How Broadway Has Changed

NEW YORK, NY - APRIL 18:  (L-R) Tom Sturridge, Alec Baldwin and Ben Foster take their Opening Night curtain call for 'Orphans
NEW YORK, NY - APRIL 18: (L-R) Tom Sturridge, Alec Baldwin and Ben Foster take their Opening Night curtain call for 'Orphans' on Broadway at the Gerald Schoenfeld Theatre on April 18, 2013 in New York City. (Photo by Bruce Glikas/FilmMagic)

Our Broadway production of Lyle Kessler's Orphans will close on Sunday, May 19th, well in advance of its scheduled end-of-run on June 30th. I have not acted in a legit show on Broadway since A Streetcar Named Desire in 1992, having chosen the not-for-profit route on Broadway or regional for my last four shows. Broadway has changed in the past 21 years and I wanted take a moment to look at that.

Streetcar was produced by the Shubert Organization, among others. Jerry Schoenfeld, now represented on Broadway by his legacy and the house we currently occupy, was very much alive then and seemed keenly interested in teaching me some of the ropes of selling tickets to a non-musical production. Whatever tensions we had during the mounting of Williams' iconic drama, and there were a few (can you say Maria St. Just?), Jerry made sure that none of that sullied our public relations. Bad press about films or shows of any kind can negatively affect your chances. The opportunity to influence an audience through any kind of well-conceived or well-timed ad campaign is lost. First impressions do count. If "trouble" is that first impression, it's difficult to swim out of that riptide.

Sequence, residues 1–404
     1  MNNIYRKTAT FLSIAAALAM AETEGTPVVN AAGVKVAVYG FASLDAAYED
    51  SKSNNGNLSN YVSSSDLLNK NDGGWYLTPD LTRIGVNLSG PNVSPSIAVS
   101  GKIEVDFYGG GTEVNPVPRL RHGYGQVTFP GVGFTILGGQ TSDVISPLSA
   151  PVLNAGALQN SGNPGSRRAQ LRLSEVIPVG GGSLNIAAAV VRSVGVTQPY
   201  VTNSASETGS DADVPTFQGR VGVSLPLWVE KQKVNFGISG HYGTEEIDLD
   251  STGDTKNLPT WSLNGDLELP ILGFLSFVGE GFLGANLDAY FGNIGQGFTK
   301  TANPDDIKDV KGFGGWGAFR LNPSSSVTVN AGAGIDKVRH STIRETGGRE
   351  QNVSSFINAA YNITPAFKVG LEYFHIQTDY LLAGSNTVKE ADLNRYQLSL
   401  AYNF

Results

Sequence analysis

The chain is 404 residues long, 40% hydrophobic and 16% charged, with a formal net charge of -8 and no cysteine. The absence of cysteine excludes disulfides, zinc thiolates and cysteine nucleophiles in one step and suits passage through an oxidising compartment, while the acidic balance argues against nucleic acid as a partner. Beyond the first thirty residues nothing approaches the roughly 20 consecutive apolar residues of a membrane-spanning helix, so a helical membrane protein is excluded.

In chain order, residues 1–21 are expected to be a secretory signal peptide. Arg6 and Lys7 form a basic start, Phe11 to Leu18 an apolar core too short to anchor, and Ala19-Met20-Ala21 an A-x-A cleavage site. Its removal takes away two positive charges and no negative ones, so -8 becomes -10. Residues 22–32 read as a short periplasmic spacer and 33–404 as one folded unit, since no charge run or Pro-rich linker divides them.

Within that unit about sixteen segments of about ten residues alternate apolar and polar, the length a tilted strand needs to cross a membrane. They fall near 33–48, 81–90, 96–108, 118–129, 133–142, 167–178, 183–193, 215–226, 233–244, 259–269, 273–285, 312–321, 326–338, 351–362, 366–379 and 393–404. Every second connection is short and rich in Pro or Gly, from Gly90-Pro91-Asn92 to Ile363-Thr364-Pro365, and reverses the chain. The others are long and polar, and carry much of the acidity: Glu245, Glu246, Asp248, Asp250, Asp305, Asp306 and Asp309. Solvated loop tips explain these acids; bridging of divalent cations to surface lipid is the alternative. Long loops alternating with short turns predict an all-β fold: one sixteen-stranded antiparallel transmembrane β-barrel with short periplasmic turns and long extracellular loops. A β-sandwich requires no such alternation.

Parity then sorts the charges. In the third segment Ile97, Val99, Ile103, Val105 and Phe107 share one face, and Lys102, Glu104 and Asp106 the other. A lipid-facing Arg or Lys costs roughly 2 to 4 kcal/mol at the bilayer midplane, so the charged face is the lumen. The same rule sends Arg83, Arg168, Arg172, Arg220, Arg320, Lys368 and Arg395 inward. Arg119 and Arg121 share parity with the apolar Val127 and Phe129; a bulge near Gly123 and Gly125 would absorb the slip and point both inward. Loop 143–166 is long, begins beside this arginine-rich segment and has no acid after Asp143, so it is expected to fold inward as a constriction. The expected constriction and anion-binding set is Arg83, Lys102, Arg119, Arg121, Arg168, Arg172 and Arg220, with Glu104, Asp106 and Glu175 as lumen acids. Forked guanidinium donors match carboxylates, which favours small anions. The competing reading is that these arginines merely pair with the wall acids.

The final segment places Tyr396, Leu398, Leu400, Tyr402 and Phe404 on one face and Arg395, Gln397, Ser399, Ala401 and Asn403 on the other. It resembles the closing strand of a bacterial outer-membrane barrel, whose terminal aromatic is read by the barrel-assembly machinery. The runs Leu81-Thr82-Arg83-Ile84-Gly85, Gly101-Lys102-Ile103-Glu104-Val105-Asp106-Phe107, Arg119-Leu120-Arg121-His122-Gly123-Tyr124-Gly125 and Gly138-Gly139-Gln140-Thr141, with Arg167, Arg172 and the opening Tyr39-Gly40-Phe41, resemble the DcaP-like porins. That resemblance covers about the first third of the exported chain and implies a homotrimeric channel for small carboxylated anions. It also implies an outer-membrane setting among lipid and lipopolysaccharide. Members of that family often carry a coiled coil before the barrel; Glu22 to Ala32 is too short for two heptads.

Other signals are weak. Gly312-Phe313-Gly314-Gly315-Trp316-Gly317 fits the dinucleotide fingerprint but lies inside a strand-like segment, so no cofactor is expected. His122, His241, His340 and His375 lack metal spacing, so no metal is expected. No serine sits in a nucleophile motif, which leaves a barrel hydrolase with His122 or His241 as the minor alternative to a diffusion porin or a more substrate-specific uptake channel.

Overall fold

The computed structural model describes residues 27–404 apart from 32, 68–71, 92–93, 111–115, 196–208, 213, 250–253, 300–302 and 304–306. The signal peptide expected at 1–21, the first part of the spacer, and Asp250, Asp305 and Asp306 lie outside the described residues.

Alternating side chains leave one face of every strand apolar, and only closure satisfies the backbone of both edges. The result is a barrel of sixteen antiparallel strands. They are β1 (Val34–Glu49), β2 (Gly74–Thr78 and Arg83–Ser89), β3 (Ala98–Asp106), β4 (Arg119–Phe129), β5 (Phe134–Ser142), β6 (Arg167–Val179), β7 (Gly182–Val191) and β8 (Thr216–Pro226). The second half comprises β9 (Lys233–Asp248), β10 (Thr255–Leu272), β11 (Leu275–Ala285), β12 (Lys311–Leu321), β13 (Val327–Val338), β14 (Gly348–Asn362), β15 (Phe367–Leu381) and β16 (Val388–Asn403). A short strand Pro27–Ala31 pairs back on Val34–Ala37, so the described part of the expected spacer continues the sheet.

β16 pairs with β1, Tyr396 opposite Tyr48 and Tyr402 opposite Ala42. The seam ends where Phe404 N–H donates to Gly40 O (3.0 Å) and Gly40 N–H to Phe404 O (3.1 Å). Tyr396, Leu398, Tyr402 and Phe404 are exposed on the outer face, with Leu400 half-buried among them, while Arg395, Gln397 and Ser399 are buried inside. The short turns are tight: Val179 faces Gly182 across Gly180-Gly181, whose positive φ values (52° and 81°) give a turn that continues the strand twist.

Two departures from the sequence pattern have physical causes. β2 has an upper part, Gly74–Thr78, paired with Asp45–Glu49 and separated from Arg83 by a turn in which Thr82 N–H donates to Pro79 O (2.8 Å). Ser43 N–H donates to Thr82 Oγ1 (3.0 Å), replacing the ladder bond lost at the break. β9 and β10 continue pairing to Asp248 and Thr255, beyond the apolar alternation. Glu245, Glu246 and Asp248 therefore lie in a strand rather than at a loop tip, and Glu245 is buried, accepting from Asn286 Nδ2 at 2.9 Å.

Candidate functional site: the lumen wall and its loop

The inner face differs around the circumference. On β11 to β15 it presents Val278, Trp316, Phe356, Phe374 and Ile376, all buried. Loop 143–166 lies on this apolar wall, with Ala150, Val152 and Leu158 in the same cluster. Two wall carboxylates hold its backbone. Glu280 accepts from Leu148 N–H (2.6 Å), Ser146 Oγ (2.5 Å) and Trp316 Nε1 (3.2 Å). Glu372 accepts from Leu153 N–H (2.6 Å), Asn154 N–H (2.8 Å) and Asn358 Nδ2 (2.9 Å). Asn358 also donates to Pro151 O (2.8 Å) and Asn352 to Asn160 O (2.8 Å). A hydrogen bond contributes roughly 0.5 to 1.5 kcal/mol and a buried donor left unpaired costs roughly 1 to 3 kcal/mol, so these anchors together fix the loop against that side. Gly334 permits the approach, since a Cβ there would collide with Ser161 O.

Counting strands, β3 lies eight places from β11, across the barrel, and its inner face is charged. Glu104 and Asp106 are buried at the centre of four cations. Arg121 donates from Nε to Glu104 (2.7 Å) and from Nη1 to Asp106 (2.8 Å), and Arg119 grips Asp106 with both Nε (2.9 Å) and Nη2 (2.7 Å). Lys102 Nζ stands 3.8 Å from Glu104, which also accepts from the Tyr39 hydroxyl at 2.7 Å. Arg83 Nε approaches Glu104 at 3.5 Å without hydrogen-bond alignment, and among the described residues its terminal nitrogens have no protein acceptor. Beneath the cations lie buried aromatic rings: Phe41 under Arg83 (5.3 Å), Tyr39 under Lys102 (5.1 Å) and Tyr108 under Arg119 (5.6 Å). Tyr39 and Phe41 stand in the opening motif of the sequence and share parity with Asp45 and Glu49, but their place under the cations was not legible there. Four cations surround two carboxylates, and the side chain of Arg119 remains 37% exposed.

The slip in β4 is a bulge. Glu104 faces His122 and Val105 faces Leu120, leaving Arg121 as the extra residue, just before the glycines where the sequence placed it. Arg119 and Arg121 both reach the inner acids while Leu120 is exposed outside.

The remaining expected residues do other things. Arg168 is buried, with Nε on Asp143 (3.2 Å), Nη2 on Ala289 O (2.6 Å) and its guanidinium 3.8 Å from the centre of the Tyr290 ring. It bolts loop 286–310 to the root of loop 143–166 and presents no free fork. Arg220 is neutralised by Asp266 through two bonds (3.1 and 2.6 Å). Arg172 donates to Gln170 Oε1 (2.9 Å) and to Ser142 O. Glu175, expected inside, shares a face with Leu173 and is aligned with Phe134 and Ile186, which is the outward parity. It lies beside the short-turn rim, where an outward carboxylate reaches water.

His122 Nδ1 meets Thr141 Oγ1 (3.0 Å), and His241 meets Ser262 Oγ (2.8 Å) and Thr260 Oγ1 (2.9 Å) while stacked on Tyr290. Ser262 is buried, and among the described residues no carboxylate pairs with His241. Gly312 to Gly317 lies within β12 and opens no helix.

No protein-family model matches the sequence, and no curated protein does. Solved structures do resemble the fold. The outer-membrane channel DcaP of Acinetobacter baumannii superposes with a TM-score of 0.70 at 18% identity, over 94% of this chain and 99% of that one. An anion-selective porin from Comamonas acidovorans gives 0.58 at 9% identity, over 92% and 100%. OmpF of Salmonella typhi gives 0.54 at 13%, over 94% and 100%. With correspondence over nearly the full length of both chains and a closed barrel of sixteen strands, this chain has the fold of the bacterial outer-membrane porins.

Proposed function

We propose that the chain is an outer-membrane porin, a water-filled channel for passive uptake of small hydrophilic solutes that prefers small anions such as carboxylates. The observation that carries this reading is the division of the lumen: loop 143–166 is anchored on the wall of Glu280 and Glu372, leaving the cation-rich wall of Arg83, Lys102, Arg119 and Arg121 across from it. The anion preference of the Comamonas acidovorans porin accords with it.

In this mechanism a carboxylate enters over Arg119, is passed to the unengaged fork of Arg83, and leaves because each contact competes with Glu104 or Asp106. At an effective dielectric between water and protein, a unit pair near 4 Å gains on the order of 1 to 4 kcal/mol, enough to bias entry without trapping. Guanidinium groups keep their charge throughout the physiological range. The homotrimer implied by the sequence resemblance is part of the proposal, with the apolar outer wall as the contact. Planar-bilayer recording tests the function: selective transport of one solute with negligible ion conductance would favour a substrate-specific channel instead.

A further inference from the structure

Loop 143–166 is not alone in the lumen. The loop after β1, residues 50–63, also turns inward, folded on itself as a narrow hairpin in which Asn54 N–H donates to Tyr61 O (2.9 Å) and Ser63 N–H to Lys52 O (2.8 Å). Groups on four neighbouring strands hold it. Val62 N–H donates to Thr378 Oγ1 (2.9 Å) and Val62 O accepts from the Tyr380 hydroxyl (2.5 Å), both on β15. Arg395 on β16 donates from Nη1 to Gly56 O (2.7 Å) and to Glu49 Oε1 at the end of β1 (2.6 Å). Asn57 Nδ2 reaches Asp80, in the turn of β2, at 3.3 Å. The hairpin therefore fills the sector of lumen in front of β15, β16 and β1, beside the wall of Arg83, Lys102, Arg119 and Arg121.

Our show involved the firing of an actor. Those things do happen. I've been fired before and I can tell you it's not pleasant. But the tabloid culture that dominates the media today, with its jettisoning of nearly all journalistic tenets, rushes to paint the most sensational and, at times, least fact-based presentation of a story. Whatever information that is the most damning/salacious/judgmental is posted as quickly as possible and replaced by the next "event" even more quickly.

I assure you that, in the case of Orphans, every professional consideration and courtesy was extended to the "aggrieved" party and, sometimes, it's just not meant to be.

Tabloid journalism, and its viral impact through the Internet in particular, has changed Broadway since 1992.

The New York Times is still a key player in the life of a Broadway production. The imprimatur of the Times serves as a necessary guide for people who do not have limitless resources to buy tickets, or are traveling to New York to enjoy the theatre and need a reliable opinion as to where to invest their time and money. In 1992, Frank Rich, of course, was the chief theatre critic for the Times. Rich was feared by many and even loathed by some. However, Rich was viewed as a critic who was both a good writer and someone who actually understood something about what was happening on stage. After Frank was gone, many talked about how intelligent and fair he was.